With so much to choose from on streaming services, Daniel Rutledge cuts to the chase with the top 20 action movies available to watch on Netflix.
This 1978 film is one of the most influential kung fu movies ever made. Not nearly as violent as most other films on this list, this one focuses on the supremely endearing Gordon Liu as he painstakingly trains in the titular chambers, all 36 of which are interesting and unique. But seeing all of that training put to use in the fight scenes is where this becomes particularly joyful.
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The best movie in years from the undisputed king of modern B-grade action, Scott Adkins. In this he plays a bulky, ugly Cockney thug who beats the shit out of couple hundred guys in prison in the lead-up to one of the all-time greatest British pub fight scenes. Thankfully Netflix has a bunch of Adkins movies on it, but this is the one you should start with.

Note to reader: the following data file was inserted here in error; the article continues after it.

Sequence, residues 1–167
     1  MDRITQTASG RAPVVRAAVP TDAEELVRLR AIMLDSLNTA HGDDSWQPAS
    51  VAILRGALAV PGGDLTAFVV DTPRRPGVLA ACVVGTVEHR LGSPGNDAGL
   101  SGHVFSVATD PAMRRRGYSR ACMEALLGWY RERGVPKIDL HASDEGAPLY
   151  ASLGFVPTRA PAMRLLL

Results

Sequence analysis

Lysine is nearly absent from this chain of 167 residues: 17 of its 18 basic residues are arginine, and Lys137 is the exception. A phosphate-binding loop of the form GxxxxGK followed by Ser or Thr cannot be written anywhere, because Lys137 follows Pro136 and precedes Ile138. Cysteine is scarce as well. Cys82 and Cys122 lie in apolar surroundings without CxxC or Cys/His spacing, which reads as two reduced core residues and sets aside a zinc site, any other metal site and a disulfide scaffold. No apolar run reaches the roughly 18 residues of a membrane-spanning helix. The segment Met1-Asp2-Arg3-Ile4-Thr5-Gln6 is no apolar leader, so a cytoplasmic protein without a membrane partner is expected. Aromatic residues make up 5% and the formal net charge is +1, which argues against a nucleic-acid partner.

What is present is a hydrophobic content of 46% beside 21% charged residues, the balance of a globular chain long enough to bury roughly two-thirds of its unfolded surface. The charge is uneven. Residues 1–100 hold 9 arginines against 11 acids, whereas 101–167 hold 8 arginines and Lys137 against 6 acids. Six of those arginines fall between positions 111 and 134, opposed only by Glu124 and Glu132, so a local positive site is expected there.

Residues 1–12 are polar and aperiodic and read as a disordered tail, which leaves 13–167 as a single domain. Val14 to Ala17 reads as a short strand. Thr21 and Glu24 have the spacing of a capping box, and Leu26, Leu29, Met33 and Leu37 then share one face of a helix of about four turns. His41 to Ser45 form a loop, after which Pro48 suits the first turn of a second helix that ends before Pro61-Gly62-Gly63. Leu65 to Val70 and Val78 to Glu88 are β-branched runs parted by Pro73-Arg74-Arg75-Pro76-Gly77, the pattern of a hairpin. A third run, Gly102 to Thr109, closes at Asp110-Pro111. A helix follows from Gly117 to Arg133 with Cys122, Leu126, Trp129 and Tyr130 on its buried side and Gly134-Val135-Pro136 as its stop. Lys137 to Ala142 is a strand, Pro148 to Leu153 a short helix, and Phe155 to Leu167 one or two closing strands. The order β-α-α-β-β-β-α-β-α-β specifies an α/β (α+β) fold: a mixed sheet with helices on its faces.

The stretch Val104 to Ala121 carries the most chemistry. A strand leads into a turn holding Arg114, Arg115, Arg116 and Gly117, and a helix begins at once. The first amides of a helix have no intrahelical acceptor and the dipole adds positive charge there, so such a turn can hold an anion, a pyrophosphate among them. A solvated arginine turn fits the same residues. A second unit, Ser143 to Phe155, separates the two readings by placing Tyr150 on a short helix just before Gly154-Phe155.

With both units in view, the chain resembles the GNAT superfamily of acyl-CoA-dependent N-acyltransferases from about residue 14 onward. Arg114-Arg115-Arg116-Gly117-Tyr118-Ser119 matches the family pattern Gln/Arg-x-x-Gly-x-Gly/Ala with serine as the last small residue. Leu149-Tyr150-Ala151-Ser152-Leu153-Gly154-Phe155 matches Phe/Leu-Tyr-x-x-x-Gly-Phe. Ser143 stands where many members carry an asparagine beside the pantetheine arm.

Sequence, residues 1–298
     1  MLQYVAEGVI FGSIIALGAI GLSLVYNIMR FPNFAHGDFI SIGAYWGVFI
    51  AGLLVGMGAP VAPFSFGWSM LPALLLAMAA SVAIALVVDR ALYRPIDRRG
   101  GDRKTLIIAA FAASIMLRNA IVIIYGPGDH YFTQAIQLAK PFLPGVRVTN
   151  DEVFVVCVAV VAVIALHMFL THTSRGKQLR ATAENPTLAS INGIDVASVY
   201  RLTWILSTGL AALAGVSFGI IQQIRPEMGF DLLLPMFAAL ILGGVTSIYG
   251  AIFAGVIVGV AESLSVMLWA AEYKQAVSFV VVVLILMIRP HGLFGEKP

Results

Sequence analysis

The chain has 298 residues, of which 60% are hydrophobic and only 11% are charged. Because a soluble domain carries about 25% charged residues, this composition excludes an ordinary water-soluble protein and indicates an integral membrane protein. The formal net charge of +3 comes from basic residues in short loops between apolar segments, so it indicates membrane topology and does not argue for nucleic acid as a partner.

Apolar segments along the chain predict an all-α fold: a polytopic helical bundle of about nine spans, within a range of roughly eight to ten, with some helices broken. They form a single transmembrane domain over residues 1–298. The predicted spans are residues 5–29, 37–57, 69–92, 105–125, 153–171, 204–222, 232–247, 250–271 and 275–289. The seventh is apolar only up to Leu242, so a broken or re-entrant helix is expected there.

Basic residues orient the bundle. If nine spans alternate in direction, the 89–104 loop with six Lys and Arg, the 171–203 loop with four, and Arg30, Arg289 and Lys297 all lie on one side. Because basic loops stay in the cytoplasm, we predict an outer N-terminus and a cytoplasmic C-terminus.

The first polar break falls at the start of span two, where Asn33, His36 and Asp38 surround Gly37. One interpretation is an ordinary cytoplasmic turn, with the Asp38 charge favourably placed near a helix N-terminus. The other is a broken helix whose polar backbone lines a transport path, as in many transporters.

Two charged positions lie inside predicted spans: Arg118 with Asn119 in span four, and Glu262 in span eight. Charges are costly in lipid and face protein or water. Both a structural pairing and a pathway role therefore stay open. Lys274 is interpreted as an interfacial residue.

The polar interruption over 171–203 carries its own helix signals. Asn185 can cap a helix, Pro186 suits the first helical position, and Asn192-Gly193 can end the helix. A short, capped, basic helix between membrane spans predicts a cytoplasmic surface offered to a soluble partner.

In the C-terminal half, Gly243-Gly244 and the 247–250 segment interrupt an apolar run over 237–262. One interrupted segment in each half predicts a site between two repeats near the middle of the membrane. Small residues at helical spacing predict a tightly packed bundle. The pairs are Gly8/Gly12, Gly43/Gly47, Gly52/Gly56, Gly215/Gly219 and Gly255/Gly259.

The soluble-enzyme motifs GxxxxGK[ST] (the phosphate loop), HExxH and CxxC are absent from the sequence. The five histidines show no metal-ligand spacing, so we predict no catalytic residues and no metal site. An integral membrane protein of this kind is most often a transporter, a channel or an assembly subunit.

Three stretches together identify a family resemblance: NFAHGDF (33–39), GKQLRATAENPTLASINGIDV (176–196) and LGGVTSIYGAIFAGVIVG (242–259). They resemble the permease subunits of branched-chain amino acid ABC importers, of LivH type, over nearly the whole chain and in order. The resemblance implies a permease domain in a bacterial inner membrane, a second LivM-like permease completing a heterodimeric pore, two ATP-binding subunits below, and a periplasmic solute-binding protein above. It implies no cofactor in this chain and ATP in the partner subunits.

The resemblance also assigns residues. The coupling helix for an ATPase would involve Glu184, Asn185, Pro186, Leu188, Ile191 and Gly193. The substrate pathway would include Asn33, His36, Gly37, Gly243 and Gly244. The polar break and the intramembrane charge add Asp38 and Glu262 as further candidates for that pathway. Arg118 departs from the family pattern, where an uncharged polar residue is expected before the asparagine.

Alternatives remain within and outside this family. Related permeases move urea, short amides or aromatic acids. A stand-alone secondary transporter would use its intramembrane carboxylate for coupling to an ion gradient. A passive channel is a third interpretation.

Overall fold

Dave Bautista and Brittany Snow battle through civil war-ravaged New York in a nicely done faux feature length oner that maximises immersion and intensity. Empire described it as “Escape From New York meets The Purge but with a stylistic motor that is very clearly Children Of Men“.
Rambo imitating Dirty Harry and driving a modified 1950 Mercury Monterey? Yes please! God I wish this type of actioner was still constantly churned out by Hollywood, the sort where a renegade maverick cop does whatever it takes to waste all the bad guys even after the grumpy police captain has taken their badge and their gun. The obligatory over-the-top killing of the final bad guy is particularly good in this one, right up there with Bennett letting off steam in Commando.
Quentin Tarantino’s first western is an amazing slavery revenge pic that’s wildly entertaining. Being a Tarantino flick it of course offers brilliant actors giving superb performances and is about as richly cinematic as movies get. It might not be as clever as most of Tarantino’s films, but damn it delivers cathartic, bloody as hell action thrills oh so sublimely.